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May 29, 2013

DiNapoli Calls For End To Discrimination At ExxonMobil

Resolution asks Company to Implement Policies that Explicitly Ban Discrimination Based on Sexual Orientation and Gender Identity

New York State Comptroller Thomas P. DiNapoli will take his case to ExxonMobil shareholders on Wednesday for the fourth consecutive year as the New York State Common Retirement Fund’s (Fund) resolution (page 69) calling on the company to explicitly prohibit discrimination based on sexual orientation and gender identity heads to a vote.

“ExxonMobil remains an obstinate outlier among Fortune 500 companies by its failure to prohibit discrimination based on sexual orientation and gender identity,” DiNapoli said. “This lack of an explicit policy sends a message that applicants and employees can be discriminated against on the basis of non-job related criteria. It just doesn't make sense from a bottom-line standpoint.”

As fiduciary and trustee of the $160.4 billion Fund, DiNapoli has been the prime sponsor of the resolution since 2010, though the resolution has been brought forth annually since 1999. In 2013, eighty-eight percent of Fortune 500 companies have adopted sexual-orientation anti-discrimination policies and 57 percent of Fortune 500 companies include protections for gender identity, according to the Human Rights Campaign’s Corporate Equality Index. Companies suffer potential reputational and litigation risk and are unable to draw from the widest pool of talent possible to grow their business when they do not provide protections for all of its employees and applicants.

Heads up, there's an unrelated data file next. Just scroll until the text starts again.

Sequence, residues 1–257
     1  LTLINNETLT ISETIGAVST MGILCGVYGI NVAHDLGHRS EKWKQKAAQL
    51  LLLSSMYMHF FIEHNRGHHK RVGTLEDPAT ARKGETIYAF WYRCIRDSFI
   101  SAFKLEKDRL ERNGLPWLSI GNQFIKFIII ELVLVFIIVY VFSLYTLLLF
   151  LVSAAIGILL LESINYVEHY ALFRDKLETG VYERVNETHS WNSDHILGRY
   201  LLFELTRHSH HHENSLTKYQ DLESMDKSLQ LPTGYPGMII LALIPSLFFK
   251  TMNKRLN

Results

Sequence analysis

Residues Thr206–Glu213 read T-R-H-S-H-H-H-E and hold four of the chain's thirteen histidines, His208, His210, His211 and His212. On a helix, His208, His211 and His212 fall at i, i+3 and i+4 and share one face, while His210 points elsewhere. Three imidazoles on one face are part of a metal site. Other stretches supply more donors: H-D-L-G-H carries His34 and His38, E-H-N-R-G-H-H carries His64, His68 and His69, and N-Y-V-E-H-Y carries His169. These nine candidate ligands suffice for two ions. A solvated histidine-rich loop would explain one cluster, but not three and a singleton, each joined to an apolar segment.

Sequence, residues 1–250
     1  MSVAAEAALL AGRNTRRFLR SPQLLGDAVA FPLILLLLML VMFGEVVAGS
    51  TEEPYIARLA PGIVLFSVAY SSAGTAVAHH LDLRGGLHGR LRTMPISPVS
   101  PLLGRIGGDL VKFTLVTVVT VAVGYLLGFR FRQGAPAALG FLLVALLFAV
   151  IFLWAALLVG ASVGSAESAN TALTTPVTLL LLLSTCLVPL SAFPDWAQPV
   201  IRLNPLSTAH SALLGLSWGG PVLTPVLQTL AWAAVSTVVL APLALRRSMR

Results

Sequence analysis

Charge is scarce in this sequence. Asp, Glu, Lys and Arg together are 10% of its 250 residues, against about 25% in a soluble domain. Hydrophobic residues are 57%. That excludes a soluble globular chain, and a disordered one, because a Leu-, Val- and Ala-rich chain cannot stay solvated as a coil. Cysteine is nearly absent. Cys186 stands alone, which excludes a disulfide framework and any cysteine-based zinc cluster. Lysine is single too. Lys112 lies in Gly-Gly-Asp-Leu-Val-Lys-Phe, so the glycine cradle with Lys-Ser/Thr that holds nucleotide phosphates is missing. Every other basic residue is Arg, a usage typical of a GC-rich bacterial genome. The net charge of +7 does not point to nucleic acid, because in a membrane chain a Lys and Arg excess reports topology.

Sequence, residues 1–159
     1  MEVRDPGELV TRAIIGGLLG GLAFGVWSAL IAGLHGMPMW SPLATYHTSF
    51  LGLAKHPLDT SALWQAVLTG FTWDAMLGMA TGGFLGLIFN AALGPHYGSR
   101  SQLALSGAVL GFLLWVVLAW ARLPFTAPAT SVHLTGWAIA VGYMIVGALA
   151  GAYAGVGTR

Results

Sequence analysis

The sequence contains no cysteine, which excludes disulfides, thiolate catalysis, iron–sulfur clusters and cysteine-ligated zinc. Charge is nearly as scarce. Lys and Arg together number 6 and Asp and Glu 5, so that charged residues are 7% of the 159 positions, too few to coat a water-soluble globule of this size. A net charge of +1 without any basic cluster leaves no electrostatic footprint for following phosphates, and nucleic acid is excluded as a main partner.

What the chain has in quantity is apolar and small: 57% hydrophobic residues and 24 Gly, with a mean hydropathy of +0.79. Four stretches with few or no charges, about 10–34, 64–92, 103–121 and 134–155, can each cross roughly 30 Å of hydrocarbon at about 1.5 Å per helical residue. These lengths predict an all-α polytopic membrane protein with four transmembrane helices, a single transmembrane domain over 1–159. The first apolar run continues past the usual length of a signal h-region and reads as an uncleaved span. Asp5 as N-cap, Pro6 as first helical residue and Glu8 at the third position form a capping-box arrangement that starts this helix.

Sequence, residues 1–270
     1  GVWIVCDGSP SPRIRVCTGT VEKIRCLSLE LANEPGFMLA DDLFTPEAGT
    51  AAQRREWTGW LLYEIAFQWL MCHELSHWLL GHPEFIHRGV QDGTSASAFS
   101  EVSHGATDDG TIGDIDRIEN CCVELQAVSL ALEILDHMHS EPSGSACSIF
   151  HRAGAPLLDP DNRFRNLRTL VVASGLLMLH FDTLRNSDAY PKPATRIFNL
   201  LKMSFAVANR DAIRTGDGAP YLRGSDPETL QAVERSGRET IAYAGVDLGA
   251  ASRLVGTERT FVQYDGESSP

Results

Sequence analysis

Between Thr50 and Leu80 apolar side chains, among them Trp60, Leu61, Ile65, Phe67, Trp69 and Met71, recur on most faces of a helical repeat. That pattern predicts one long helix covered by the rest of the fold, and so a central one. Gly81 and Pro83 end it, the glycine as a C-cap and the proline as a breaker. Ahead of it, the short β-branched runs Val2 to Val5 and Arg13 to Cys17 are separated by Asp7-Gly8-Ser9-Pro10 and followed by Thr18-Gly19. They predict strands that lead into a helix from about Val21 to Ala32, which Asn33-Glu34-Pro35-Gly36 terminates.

ExxonMobil’s Standards of Business Conduct in the United States, found on its website, states:

It is the policy of the Exxon Mobil Corporation to provide equal employment opportunity in conformance with all applicable laws and regulations to individuals who are qualified to perform job requirements regardless of their race, color, sex, religion, national origin, citizenship status, age, genetic information, physical or mental disability, veteran or other legally protected status.

Omitted is any mention of sexual orientation and gender identity.

The lack of a formal equal opportunity non-discrimination policy that explicitly bans discrimination based on sexual orientation and gender identity allows ExxonMobil to offer different health benefits to its employees with same-sex partners. In correspondence with the Fund, ExxonMobil stated that:

Our long-standing belief is that basing employee benefits on legally-recognized, spousal relationships that are broadly recognized within the country is the only way our benefit plans can be applied in a fair, rational and consistent manner for our employees worldwide...In the United States, our plans use a definition of “spouse” consistent with the use of that term under federal law, in order to achieve uniform plan application consistent with the plans’ being governed by federal law (the Employee Retirement Security Income Security Act or ERISA). This has the effect of limiting coverage to heterosexual couples.

While the company is permitted by law to recognize married same-sex couples, it has refused to do so.

Since Exxon and Mobil merged in 1999, ExxonMobil has come under fire for its decision to cease offering health-care benefits for its employees' same-sex partners. Previous to the merger, Mobil had a policy that prohibited discrimination based on sexual orientation and extended domestic partner benefits to same-sex couples. Recently, the Human Rights Campaign gave ExxonMobil the lowest ranking (-25 percent) of any Fortune 500 company in its annual Corporate Equality Index.

Since 2010, DiNapoli has reached agreements with 30 companies, including Sprint Nextel Corporation, Equifax, Inc., Sanderson Farms, Inc. Dollar General Corporation and Noble Energy Inc., to adopt new non-discrimination policies, including three in 2013: Holly Frontier Corporation, Mettler-Toledo International, Inc. and RPM International, Inc.

As of May 17, the Fund owned 14,103,456 shares of ExxonMobil valued at $1.3 billion.

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